"blockperiodseconds": 2,                                            ├Bº0x--20 bytes pub.address 03º--
          "epochlength": 30000,                                               │  ├─ key
          "requesttimeoutseconds": 10                                         │  └─ key.pub
        }                                                                     └Bº0x--20 bytes pub.address 04º--
      },                                                                         ├─ key
      "nonce": "0x0",                                                            └─ key.pub
      "timestamp": "0x58ee40ba",
      "gasLimit": "0x47b760",
      "difficulty": "0x1",
      "mixHash": "0x-- 32 bytes Gº*1º--",
      "coinbase": "0x00...20bytes..00",
      "alloc": {
         "fe3b...20 bytes...bd73": {
            "balance": "0xad78ebc5ac6200000"
         "6273...20 bytes...Ef57": {
           "balance": "90000000000000000000000"
         "f17f...20 bytes...b732": {
           "balance": "90000000000000000000000"
      "extraData": "0x....", ← rlp encoded:
   },                          - @[https://eth.wiki/en/fundamentals/rlp]
                               - @[https://besu.hyperledger.org/en/stable/Reference/CLI/CLI-Subcommands/#rlp]
     "nodes": {
       "generate": true,
         "count": 4         ←──── number of node key pairs to be generate
     }                            4+ validators needed in IBFT 2.0 to really
   }                              be BFT

ºSTEP 02: SETUP NODE CONFIG LAYOUT Copying Bootstrap output from STEP 01º
├──Bºgenesis.jsonº  (output from bootstrap)
├── Node-1
│   ├─ data
│   │  ├── key     (output from ./Bº0x--20 bytes pub.address 01º/key--)
│   │  ├── key.pub (output from ./Bº0x--20 bytes pub.address 01º/key.pub--)
├── Node-2
│   ├─ data
│   │  ├── key     (output from ./Bº0x--20 bytes pub.address 02º/key--)
│   │  ├── key.pub (output from ./Bº0x--20 bytes pub.address 02º/key.pub--)
├── Node-3
│   ├─ data
│   │  ├── key     (output from ./Bº0x--20 bytes pub.address 03º/key--)
│   │  ├── key.pub (output from ./Bº0x--20 bytes pub.address 03º/key.pub--)
└── Node-4
    ├─ data
    │  ├── key     (output from ./Bº0x--20 bytes pub.address 04º/key--)
    │  ├── key.pub (output from ./Bº0x--20 bytes pub.address 04º/key.pub--)

ºSTEP 03: Start the Networkº
 $ export COMMON=""
 $ export COMMON="$COMMON --data-path=data"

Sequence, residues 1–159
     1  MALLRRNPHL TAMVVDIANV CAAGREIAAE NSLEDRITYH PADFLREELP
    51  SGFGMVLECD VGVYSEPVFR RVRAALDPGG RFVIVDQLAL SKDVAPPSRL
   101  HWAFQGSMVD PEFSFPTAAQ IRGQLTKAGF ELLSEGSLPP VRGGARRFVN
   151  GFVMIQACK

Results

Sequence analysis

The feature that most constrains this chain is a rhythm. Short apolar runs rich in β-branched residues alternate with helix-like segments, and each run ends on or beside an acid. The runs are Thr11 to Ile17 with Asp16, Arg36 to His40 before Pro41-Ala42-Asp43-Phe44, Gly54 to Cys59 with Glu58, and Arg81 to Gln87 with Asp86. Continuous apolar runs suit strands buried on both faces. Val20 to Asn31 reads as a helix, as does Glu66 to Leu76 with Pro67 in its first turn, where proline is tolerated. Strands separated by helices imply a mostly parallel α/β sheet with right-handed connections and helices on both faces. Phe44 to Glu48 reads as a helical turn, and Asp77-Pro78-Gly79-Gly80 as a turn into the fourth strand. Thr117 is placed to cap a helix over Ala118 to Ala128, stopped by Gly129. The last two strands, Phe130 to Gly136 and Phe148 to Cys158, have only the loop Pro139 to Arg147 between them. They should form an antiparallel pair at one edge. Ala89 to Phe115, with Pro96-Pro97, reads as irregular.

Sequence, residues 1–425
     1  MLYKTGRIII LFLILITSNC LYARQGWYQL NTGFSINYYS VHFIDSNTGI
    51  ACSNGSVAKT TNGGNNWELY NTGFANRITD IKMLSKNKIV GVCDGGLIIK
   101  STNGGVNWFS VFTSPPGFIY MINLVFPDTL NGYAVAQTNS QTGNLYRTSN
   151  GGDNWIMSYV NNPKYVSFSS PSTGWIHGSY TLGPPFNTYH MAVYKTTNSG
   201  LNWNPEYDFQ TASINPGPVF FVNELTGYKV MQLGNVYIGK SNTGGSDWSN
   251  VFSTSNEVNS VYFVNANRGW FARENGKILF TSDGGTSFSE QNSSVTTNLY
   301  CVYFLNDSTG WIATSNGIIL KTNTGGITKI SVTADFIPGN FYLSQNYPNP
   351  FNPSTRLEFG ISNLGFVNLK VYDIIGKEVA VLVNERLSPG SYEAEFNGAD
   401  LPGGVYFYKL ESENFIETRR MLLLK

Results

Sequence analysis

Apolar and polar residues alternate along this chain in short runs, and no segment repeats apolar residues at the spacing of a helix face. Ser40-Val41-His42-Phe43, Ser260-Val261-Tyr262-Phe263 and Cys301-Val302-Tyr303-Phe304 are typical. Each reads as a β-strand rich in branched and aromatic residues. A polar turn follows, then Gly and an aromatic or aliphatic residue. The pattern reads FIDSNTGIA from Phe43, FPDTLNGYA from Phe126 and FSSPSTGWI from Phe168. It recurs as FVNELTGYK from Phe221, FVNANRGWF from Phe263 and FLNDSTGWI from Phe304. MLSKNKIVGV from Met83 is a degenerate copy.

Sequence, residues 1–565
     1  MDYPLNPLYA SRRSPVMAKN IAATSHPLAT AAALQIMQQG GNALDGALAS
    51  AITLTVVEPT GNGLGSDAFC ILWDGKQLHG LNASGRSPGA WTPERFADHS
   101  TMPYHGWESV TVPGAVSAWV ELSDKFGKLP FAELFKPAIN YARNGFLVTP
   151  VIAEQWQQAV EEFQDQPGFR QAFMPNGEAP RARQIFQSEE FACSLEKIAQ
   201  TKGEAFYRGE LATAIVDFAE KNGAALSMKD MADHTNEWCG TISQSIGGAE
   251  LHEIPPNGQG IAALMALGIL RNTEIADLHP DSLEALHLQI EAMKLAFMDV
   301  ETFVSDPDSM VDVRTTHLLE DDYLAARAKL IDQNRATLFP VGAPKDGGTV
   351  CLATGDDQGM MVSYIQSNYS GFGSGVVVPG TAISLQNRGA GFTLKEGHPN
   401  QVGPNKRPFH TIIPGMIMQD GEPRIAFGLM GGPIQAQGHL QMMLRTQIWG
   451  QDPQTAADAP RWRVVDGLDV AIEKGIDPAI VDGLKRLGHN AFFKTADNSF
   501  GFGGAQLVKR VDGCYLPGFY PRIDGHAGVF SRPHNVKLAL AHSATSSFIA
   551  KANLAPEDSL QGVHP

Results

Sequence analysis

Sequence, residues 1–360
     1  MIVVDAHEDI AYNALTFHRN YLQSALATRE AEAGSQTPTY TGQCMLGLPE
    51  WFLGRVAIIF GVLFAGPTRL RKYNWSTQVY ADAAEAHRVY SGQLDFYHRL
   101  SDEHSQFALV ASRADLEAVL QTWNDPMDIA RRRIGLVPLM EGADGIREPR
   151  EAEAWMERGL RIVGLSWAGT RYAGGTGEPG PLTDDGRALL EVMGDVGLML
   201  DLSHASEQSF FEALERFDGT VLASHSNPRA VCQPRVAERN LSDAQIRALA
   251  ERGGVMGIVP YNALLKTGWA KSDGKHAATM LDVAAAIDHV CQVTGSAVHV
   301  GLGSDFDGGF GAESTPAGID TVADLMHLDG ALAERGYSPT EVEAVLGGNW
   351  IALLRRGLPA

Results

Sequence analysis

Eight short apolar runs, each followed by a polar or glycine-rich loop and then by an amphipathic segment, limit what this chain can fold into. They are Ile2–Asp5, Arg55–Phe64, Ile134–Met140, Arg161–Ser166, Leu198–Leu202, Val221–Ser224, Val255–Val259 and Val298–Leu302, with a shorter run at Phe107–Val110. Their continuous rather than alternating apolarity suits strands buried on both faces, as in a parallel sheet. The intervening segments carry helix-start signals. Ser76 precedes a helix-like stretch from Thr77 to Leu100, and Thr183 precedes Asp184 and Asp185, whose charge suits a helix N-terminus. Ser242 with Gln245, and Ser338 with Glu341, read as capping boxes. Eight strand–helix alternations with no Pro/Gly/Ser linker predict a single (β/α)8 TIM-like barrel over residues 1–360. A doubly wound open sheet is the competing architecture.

$ export COMMON="$COMMON --genesis-file=../genesis.json"
 $ export COMMON="$COMMON --rpc-http-enabled --rpc-http-api=ETH,NET,IBFT"
 $ export COMMON="$COMMON --host-whitelist='*' --rpc-http-cors-origins='all'"

 $ cd .../Node-1
 $ besu $COMMON
 --- Copy enode URL to specify Node-1 as the bootnode for the other nodes --

 $ cd .../Node-2
 $ besu $COMMON --bootnodes=$ENODE1_URL --p2p-port=30304 --rpc-http-port=8546

 $ cd .../Node-3
 $ besu $COMMON --bootnodes=$ENODE1_URL --p2p-port=30305 --rpc-http-port=8547

 $ cd .../Node-4
 $ besu $COMMON --bootnodes=$ENODE1_URL --p2p-port=30306 --rpc-http-port=8548

ºSTEP 04: Confirm Private Network is Workingº

 $ curl -X POST --data '{"jsonrpc":"2.0","method":"net_peerCount","params":[],"id":1}' localhost:8545
 -- Output must confirm 3 peers for node 1
 → {
 →   "jsonrpc" : "2.0",
 →   "id" : 1,
 →   "result" : "0x3"
 → }

Look at the logs displayed to confirm blocks are being produced.

Add/Remove validators
- Use the IBFT API to remove or add validators.

PRE-SETUP: Enable IBFT API in --rpc-http-api and/or --rpc-ws-api

  - Discards a proposal to add or remove a validator with the specified address.
  - Parameters
    data - 20-byte address of proposed validator
  - Returns
    result: boolean - true
  - Example
    curl -X POST --data '{"jsonrpc":"2.0","method":"$METHOD","params":$PARAMS, "id":1}' $URL

  - Returns current votes.
  - No Parameters
  - Returns
    json Map of account addresses to corresponding boolean values indicating the vote for each account.
    - If true, the vote is to add a validator.
    - If false, the proposal is to remove a validator.
  - Example
    curl -X POST --data '{"jsonrpc":"2.0","method":"$METHOD","params":[], "id":1}' $URL

  - Lists validators defined in the specified block.
  - Parameters
    - data - 32-byte block hash
  - Returns
    - result: array of data - List of validator addresses
    curl -X POST --data '{"jsonrpc":"2.0","method":"$METHOD","params":$PARAMS, "id":1}' $URL

  - Lists the validators defined in the specified block.
  - Parameters
    quantity|tag - block number int  OR
                   one of the string tags latest, earliest, or pending
  - Returns
    - result: array of data - List of validator addresses
    curl -X POST --data '{"jsonrpc":"2.0","method":"$METHOD","params":$PARAMS, "id":1}' $URL

  - Proposes adding or removing a validator with the specified address.
  - Parameters
    data - Account address
    boolean - true to propose adding validator or false to propose removing validator.
  - Returns
    result: boolean - true
  - Example
    curl -X POST --data '{"jsonrpc":"2.0","method":"$METHOD","params":$PARAMS, "id":1}' $URL